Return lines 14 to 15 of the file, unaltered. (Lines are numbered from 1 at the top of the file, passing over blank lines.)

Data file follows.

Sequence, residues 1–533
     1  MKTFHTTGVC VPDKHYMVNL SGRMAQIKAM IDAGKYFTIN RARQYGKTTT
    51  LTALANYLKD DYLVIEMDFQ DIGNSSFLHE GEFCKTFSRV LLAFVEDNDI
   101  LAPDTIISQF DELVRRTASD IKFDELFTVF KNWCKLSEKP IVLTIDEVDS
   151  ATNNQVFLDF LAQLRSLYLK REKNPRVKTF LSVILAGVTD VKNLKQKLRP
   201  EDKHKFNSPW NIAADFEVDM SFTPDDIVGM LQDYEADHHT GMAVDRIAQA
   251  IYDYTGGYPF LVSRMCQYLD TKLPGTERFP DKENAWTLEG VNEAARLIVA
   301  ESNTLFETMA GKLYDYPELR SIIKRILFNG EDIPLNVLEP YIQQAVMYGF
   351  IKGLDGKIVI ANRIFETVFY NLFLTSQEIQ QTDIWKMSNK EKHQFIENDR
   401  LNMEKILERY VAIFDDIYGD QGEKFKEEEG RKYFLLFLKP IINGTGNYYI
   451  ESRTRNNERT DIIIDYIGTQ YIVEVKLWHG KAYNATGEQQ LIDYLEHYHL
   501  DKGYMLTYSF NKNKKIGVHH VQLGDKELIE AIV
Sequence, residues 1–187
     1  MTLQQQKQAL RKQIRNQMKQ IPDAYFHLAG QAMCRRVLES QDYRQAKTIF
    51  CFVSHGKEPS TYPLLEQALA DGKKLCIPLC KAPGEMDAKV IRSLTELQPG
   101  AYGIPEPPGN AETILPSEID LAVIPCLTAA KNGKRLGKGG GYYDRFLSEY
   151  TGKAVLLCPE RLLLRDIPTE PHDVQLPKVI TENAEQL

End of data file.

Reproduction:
     1  MTLQQQKQAL RKQIRNQMKQ IPDAYFHLAG QAMCRRVLES QDYRQAKTIF
    51  CFVSHGKEPS TYPLLEQALA DGKKLCIPLC KAPGEMDAKV IRSLTELQPG